What’s a VPS?

Virtual Private Servers seem very complicated, such a term you may have heard from someone who is in IT, but who absolutely does not say anything to you. While you probably pick the fruits of that technology every day. Large parts of the internet run on technology and in a simpler way than you might think. We explain for a moment.

Every website or app that sends data must get it from somewhere. That is nowadays ‘the cloud’, but the biggest secret of the cloud is that it is just other computers with data on it. All those computers (which are called servers, and are accessible non-stop) are – or rather, hang – together in large racks in a server room. You know the picture:

Running a website (for which a server is mainly used) is far too little work for most of those servers. It depends, of course, on how many visitors / users a site (or app) has, but usually there is always overcapacity on such a device and that is of course inefficient. To solve this problem, the solution was devised to put multiple sites simultaneously on one server: shared servers.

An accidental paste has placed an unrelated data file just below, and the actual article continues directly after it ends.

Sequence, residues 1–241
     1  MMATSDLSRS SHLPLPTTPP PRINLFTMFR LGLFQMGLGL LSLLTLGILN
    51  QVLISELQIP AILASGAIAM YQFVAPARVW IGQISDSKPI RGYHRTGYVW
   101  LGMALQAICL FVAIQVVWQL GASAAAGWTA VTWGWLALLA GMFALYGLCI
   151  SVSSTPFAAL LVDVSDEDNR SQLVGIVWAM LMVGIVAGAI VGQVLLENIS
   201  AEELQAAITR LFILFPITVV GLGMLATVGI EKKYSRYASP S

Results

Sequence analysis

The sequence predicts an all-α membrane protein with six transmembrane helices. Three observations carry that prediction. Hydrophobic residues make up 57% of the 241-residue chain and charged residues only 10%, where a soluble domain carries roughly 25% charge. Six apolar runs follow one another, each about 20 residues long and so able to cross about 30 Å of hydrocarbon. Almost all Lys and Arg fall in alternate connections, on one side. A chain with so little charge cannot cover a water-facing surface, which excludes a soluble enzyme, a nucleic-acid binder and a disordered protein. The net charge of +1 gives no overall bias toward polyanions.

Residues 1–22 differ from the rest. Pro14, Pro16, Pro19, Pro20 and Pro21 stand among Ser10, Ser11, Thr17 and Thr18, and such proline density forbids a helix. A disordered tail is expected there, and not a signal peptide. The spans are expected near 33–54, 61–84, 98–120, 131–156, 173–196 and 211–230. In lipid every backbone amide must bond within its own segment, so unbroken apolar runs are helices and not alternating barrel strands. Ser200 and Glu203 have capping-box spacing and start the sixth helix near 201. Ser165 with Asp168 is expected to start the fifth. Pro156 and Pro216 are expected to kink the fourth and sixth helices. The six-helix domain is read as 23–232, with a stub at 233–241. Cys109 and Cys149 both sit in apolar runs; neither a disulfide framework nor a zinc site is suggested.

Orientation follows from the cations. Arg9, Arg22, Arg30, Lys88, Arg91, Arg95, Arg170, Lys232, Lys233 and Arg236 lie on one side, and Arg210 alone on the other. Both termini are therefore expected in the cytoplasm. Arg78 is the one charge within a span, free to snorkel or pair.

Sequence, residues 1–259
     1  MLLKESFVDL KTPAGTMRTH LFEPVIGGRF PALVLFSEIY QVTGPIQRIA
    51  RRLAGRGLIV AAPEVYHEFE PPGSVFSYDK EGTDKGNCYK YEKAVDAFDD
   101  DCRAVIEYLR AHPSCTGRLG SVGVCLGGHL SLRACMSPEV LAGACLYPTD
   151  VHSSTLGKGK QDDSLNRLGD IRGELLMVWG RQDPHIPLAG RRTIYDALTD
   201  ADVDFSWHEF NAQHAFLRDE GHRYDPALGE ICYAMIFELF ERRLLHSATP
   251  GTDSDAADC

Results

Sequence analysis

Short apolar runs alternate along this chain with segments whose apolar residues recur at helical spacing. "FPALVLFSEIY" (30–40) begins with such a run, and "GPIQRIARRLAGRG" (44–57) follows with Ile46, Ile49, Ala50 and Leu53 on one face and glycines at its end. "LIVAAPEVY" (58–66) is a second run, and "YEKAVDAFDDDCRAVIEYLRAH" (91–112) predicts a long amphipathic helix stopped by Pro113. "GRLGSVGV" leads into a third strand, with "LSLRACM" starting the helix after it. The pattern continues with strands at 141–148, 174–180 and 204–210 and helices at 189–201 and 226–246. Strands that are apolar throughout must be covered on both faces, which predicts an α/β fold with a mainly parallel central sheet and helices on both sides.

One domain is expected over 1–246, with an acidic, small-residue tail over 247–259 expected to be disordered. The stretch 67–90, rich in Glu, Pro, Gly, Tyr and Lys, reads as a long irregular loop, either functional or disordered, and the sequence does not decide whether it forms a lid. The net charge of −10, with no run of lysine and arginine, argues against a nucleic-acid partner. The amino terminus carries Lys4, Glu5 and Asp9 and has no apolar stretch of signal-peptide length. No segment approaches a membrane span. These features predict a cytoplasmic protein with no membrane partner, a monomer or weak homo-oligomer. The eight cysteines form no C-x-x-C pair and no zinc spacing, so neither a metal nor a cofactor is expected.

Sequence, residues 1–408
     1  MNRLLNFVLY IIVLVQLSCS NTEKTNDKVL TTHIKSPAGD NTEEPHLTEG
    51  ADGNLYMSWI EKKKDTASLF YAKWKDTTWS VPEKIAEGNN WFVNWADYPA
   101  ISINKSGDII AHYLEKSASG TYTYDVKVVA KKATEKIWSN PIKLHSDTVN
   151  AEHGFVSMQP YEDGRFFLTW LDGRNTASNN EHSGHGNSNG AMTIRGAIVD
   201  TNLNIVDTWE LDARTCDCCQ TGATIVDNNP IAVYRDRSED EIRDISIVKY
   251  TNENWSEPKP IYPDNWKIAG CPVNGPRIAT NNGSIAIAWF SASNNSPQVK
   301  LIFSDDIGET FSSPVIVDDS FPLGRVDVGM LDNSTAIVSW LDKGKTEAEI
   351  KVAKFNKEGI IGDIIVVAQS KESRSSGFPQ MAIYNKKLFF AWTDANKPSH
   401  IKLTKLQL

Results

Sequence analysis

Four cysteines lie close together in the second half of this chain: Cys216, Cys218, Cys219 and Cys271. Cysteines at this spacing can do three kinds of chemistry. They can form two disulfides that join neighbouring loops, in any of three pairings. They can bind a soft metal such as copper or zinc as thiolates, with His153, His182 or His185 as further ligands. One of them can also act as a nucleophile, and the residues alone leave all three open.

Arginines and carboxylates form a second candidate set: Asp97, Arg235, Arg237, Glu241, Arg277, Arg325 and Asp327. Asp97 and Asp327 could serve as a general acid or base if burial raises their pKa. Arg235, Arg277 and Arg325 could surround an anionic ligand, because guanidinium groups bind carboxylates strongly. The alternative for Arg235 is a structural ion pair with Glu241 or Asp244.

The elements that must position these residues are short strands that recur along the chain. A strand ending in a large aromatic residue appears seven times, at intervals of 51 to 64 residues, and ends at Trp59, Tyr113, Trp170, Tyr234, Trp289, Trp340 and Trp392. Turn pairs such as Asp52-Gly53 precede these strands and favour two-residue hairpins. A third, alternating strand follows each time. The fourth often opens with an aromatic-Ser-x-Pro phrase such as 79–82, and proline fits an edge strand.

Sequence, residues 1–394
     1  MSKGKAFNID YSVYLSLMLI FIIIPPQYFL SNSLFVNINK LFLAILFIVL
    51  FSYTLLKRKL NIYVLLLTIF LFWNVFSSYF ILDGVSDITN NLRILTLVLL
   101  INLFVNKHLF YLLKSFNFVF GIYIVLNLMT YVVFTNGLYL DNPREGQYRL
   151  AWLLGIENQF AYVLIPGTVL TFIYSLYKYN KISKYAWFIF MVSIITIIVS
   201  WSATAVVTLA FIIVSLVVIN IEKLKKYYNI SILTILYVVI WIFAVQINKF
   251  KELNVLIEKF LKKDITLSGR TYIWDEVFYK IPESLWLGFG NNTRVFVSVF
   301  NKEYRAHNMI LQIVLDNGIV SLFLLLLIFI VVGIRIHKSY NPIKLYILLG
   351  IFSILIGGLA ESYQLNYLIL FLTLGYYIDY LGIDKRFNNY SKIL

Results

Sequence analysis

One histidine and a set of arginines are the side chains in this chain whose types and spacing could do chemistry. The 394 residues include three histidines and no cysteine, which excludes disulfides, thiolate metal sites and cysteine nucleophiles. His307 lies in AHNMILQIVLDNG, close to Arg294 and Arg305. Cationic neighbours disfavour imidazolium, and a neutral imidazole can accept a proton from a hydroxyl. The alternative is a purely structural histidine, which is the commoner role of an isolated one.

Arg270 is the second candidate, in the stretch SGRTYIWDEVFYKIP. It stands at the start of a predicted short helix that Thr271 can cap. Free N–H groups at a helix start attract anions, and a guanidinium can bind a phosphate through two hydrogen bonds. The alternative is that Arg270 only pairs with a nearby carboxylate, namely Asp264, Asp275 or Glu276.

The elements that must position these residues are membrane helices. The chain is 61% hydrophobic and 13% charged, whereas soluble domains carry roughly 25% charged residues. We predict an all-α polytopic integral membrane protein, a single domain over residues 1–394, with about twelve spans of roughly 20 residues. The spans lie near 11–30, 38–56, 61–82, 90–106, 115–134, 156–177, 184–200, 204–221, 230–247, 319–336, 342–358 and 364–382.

Choose or share

Such a shared server is, compared to a dedicated server (ie one server for one task or site), a lot cheaper for the people who rent a server. The biggest pitfall of a shared server is that if something goes wrong at one site, all other websites on the same server are also the cigar.

Virtual Private Servers (VPS, not to be confused with a VPN that you use to anonymously and securely use the internet) are ideal for solving that problem. This is because a virtual server as the name says does not really exist. Together with other virtual servers – which operate separately – it forms one physical machine. Think of it as a room that is divided among eight people by placing extra walls: everyone gets a part and can do what they want without bothering each other.